Inspired by a true story, Dan Fogelman’s new drama Danny Collins stars Al Pacino as the title role, an aging 1970s rocker who has ridden on the success of a few successful songs, including his chart topper Hey Baby Doll, for years. But when Danny’s manager, Frank Grubman (Christopher Plummer) uncovers a 40-year-old undelivered letter to Danny from John Lennon, the rocker decides to change course and embarks on the ‘second act’ of his life.
Cancelling all of his tour dates, he books into the Hilton Hotel in Woodcliff Lake, New Jersey, to go back to song writing and to seek out his 40-year-old son, Tom Donnelley (Bobby Cannavale), whom he has never met, even though he’s known about him since before he was born. Jennifer Garner plays Donnelley’s wife, Samantha.
I spoke with Mr Pacino at a roundtable interview for the movie, which premieres on March 20th.
What do you look for in a script nowadays?
I look for things that mirror some sort of aspect of my life and time. [I liked] this because of the script and the idea that I’d be playing something that you might even say is appropriate for my age.
This is something I wouldn’t do 10 years ago or 20 years ago, but now I feel I’m in a position to do that mentally and physically too, on the screen anyway. So you find things that relate to the cycle you’re in, in life.
Did you base this role on any specific rock star?
I was trying to figure out what image will I have that would feed me in some way, and finally I thought, ‘Feels a little Barry Manilow and a little Rod Stewart.’ And I put that in my head, and I thought if you cross them it would come out looking a little like me.
What did you admire about the character of Danny Collins?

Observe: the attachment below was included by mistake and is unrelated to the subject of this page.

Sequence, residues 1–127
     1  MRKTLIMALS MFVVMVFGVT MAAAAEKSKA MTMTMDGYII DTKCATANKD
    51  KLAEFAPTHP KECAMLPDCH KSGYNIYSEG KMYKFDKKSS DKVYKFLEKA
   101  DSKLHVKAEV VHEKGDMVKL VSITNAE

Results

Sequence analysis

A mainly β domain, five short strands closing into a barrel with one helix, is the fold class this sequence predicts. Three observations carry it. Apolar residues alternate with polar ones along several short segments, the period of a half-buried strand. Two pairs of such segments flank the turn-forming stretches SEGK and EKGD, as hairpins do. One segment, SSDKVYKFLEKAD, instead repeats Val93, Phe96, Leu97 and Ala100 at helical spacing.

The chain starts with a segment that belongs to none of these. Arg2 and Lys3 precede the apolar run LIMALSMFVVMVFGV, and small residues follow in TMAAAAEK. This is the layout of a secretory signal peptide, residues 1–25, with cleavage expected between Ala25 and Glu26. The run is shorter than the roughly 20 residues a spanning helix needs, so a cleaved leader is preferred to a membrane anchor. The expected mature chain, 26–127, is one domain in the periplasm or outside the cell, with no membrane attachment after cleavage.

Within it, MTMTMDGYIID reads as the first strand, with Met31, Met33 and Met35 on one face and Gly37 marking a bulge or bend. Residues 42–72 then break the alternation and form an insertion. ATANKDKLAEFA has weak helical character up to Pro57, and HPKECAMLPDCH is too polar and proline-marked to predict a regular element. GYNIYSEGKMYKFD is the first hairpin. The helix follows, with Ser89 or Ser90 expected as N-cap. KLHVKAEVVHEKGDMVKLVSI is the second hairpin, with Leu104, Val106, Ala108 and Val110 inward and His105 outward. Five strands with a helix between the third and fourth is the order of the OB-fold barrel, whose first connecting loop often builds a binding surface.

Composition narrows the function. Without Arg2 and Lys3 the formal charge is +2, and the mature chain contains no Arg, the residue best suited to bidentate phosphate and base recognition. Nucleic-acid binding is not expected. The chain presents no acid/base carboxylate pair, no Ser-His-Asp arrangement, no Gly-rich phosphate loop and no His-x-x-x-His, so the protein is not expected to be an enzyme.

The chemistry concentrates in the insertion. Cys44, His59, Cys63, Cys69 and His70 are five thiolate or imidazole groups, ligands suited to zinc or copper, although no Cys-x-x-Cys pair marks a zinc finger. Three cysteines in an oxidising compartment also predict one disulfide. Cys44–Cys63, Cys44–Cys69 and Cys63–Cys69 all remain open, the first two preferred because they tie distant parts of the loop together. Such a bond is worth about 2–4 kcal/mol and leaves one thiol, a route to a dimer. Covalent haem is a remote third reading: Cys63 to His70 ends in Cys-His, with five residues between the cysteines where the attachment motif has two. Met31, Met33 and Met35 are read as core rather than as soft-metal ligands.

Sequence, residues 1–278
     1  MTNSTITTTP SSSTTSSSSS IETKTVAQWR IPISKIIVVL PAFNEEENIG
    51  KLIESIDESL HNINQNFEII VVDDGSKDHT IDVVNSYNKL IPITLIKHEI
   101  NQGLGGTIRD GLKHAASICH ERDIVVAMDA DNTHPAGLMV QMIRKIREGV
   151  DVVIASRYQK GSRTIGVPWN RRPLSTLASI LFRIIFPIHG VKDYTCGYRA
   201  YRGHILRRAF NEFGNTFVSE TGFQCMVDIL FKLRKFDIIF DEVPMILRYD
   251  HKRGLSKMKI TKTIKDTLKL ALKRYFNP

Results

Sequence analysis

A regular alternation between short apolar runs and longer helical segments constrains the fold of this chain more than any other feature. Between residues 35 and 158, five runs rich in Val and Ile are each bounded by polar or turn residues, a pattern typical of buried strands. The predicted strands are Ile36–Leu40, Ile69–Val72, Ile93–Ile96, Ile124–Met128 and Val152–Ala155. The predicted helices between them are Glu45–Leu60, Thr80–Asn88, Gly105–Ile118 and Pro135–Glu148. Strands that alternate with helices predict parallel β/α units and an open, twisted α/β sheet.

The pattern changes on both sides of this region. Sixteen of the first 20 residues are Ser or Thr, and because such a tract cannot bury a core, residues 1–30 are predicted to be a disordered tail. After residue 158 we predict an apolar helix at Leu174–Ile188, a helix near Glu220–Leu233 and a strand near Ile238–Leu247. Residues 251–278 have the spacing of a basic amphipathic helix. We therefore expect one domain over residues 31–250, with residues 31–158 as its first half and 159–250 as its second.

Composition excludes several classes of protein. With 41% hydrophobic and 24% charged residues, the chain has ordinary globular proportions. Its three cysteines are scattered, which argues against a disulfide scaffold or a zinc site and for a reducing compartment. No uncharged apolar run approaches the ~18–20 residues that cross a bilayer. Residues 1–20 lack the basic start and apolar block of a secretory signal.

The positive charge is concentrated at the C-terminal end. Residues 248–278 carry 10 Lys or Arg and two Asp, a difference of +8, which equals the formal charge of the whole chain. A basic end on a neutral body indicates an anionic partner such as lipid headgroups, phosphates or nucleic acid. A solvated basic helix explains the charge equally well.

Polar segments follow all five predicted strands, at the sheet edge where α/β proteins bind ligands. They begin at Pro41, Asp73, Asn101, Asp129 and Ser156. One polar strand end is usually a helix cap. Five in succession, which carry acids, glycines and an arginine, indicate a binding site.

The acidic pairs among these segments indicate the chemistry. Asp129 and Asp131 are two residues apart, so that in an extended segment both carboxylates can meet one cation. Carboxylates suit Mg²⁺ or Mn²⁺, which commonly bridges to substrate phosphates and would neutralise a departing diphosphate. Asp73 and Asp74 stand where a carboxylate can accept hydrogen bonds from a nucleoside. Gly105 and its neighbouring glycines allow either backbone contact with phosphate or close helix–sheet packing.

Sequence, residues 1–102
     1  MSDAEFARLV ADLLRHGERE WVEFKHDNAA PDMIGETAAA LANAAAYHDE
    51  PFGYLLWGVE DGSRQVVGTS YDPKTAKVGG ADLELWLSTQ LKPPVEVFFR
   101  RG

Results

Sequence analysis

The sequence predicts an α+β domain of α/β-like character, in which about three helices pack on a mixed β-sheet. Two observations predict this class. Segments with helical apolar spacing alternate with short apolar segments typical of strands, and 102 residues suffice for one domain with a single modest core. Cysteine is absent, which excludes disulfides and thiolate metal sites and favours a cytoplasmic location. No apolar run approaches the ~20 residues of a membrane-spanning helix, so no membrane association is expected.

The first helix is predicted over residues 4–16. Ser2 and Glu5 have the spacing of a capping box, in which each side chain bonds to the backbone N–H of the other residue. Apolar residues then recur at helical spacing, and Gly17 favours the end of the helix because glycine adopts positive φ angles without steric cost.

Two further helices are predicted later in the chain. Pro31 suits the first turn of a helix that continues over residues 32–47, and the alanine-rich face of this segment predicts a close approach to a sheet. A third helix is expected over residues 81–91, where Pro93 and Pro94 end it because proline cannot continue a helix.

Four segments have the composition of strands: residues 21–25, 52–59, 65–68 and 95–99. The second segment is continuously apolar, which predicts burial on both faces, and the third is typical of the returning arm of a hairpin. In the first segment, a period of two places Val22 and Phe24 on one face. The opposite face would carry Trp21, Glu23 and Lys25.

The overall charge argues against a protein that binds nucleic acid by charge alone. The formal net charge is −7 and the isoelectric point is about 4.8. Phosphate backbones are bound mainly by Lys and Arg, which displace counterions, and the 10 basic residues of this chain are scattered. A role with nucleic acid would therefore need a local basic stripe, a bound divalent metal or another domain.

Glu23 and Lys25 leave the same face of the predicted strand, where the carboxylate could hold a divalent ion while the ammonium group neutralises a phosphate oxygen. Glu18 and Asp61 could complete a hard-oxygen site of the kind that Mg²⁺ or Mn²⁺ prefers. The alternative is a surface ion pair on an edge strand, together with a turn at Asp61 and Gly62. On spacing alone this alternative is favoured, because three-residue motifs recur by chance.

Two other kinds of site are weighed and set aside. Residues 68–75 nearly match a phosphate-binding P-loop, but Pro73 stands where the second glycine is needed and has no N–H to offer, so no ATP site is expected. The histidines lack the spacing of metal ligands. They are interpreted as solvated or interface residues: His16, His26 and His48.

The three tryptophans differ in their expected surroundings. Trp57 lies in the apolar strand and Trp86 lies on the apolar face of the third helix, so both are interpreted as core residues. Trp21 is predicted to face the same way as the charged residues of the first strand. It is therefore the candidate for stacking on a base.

What I enjoyed was this kind of person who is a survivor, who is hailed as the next Bob Dylan after he did one song, you see that [in the movie] when he’s a kid.
Then all of a sudden his next album is a real failure and he’s eviscerated. He’s overcome by it and rather than just collapse when his instinct is telling him to run away and never do this again, he channels that into what can he do? He’s a good dancer, he has a certain look. he’s charming and he uses that and survives.
He starts singing other people’s songs and it got him to be rich and famous, but the part [of him] that is the writer, the source, he’s so far away from that. Then that letter turning up, which really did happen, from John Lennon, changes everything.
It happens at certain points in our life when we can receive something and sometimes we go right by it, but this was that moment. I don’t think he was going to last much longer the way he was going and he sees [the letter] and it speaks to him in a way and he moves out of what he’s doing.
Did you ever meet John Lennon?
I saw John in the park once in passing and it was nice. He smiled, I smiled. Recognition, but no talk, memorable moment.
I saw Ringo, McCartney, of course I know Mick Jagger, like him a lot, and I’ve spent time with Bob Dylan. You run into people as time goes on.
During your career have you found it easy to be true to yourself?
To thine own self be true.I think if you follow that philosophy it seems airtight really.
If you learn enough about yourself. But you’ve got to keep learning. We don’t know that much about anything, anyway. (he laughs) You find that out.
You’ve had such an extraordinary career, I’m sure young actors freeze when they come on a set to work with you. What do you do to ease their fear?
It’s funny, you know that that’s there so what you do is basically try to neutralize it in a way. How do you do that?
By engaging as an actor, you start interfacing just as actors and you realize you’re in that world, and it always goes [away], because we’re doing this thing together, we’re like a trapeze act, or a high wire act.
You become interdependent. I am an actor, that’s what I am.
Are you ever able to sneak away like the character does or does your fame follow you everywhere?
No. There was a time where I could have done it a little bit more than I can now. My kids don’t want to go out with me anymore.
They say, ‘Dad, you can stay home.’ I say, ‘No, I’ll come with you.’ They say, ‘No, Dad, it’s alright, we’re fine. Rest!’
Danny Collins (2015) – Soundbytes
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